When you mention Barbados anywhere in the world it is instantly known for being an idyllic Caribbean island. Barbados has an international brand and is renowned for its beautiful beaches, crystal clear water, abundant sunshine and very friendly people. But …. as a manufacturing location? Probably not.
Why would an international investor look seriously at Barbados as a location to establish and run a manufacturing facility? Let me try and answer that question because that is exactly what I did some four years ago and I don’t regret it. Is it for you? Well, let me tell you my story and you decide….
Having just sold a very successful business in Canada, I took some time out to reflect and consider my next business move. I wanted to do something that positively impacted the environment and ideally would be technology based. LED lighting seemed to fit the criteria, as it is environmentally safe, reduces our carbon footprint and saves energy and money. Most LED lighting products are made in Asia and are of varying quality and price. I wanted to manufacture somewhere in the Caribbean where electricity costs are amongst the highest in the world and, because of this, I reasoned that LED lighting would be readily adopted.
Deciding on the right location was the difficult part. All Caribbean islands, on the face of it, seemed to be the same. Or so I thought. Our first choice, based on holiday experience only, was Grand Cayman, a beautiful island with a modern and reliable infrastructure but located right on the ‘hurricane belt’. Nevertheless, we still thought it was a good choice and a great place to live. However, it is only an associate member of CARICOM and therefore exporting from there would prove complex.
Next I looked at Jamaica, then Trinidad. Both are great islands with vastly different issues associated with them.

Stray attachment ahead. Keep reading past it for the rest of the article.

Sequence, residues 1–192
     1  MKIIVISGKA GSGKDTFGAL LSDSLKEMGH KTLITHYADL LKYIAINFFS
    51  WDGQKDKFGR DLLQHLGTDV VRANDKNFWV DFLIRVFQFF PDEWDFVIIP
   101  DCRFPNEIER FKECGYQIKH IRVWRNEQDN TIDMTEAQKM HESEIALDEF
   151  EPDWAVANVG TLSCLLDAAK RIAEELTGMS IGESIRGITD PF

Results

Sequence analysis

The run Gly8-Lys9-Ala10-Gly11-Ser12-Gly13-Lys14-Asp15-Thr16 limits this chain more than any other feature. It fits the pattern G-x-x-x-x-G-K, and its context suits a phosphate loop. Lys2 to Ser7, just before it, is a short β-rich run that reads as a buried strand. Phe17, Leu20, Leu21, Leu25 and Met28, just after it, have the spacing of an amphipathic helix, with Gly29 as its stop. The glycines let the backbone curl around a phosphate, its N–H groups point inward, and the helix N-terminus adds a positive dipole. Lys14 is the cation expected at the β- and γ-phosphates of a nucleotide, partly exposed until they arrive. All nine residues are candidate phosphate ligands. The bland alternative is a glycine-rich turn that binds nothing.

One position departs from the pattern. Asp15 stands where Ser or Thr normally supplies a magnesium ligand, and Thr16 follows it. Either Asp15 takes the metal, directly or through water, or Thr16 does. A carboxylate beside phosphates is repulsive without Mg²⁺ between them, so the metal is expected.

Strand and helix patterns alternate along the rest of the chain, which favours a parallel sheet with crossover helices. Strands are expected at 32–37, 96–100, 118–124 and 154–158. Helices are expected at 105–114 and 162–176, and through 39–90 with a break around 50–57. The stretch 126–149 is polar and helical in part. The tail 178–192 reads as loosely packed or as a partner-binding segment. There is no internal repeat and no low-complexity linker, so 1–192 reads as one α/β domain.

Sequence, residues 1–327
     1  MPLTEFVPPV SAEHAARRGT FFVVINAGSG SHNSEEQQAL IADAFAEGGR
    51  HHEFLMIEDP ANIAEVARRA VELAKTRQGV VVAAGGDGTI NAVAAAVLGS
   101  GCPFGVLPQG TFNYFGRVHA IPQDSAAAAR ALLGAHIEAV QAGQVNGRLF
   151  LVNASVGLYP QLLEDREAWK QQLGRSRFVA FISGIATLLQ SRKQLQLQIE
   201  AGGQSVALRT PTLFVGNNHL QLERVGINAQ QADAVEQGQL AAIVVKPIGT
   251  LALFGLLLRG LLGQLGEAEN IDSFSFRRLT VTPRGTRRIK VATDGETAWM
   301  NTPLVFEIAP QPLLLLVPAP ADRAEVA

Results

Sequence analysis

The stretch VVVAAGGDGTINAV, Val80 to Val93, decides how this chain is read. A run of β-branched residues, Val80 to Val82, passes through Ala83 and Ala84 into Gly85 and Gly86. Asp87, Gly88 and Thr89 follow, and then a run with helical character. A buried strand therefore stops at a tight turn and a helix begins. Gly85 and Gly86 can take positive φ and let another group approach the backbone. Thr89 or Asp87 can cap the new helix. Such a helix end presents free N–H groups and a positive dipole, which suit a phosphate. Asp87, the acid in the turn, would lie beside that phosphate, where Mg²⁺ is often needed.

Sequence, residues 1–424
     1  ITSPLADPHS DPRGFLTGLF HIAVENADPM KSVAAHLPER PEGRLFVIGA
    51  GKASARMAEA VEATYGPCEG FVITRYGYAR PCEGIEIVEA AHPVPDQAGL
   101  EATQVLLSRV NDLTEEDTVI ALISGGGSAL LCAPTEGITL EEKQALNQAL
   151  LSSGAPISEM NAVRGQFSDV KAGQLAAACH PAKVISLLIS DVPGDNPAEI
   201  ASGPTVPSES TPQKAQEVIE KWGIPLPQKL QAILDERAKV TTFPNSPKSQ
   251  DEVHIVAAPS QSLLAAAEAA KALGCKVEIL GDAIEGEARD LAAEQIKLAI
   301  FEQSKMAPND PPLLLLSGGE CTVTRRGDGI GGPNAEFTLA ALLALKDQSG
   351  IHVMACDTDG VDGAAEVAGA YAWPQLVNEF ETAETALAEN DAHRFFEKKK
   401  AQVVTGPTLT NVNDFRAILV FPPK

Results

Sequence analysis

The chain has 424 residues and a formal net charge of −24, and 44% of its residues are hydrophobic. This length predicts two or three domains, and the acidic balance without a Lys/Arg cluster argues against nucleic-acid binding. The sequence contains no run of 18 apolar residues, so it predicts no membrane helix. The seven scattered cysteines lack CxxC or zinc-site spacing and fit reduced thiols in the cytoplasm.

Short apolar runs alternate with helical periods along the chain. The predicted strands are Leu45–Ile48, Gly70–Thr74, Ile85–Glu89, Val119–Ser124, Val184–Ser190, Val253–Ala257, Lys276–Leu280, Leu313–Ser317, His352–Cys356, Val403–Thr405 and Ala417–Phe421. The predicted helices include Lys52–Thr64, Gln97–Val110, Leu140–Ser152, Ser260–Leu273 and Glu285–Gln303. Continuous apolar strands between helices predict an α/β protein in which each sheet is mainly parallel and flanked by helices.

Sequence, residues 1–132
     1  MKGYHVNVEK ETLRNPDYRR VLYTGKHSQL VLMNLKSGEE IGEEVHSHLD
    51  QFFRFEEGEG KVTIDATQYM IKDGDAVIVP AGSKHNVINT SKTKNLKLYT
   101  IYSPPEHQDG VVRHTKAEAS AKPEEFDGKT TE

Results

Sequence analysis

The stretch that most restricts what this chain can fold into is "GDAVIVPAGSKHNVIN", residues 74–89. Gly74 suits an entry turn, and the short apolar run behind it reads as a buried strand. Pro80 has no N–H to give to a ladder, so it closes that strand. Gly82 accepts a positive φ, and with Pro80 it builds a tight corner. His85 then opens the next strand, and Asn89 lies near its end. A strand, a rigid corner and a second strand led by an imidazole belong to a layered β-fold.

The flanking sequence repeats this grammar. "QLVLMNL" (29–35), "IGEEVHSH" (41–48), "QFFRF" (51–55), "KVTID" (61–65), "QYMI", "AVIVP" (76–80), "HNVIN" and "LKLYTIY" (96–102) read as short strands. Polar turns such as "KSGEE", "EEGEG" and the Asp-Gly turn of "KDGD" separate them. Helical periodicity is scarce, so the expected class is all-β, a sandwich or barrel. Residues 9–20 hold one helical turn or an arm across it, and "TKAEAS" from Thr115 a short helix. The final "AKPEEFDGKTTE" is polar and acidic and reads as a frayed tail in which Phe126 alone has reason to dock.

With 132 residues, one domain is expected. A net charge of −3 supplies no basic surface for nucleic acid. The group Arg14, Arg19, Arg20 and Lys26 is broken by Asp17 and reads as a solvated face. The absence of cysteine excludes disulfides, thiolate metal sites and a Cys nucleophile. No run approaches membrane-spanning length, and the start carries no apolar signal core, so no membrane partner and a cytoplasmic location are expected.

Finally, I visited Barbados and immediately felt at home. It is politically stable and has a good infrastructure. Invest Barbados provided excellent support and encouragement to me with their team of committed professionals. Was it all plain sailing? Of course not. And here are the real issues for an international investor coming to Barbados or for that matter almost any Caribbean island:
- Do not expect the same level of sophistication and efficiency when dealing with government departments. They do not compare with more advanced economies.
- Patience is a virtue and you will need lots of it. Simple processes take more time than you could imagine. The people are great but there is no common IT platform on which to process business facilitation.
- Hiring staff is more complex than you would think. They are well educated but in most cases do not have the experience that you may be looking for. Therefore, you have to hire talent with good work ethics and attitude and be prepared to invest in significant training.
- You have to create your own sense of urgency and be persistent. It will come together for you but it will not be without some stress.
If you can do all this then I suggest that you will not find a better lifestyle for you and your family. My company is now exporting to 14 countries and current growth year on year is over 70%. So, we have made it so far and we are enjoying the experience.
I wish someone had told me beforehand what I would have to face in setting up the business in Barbados, but would I do it again? Yes I would!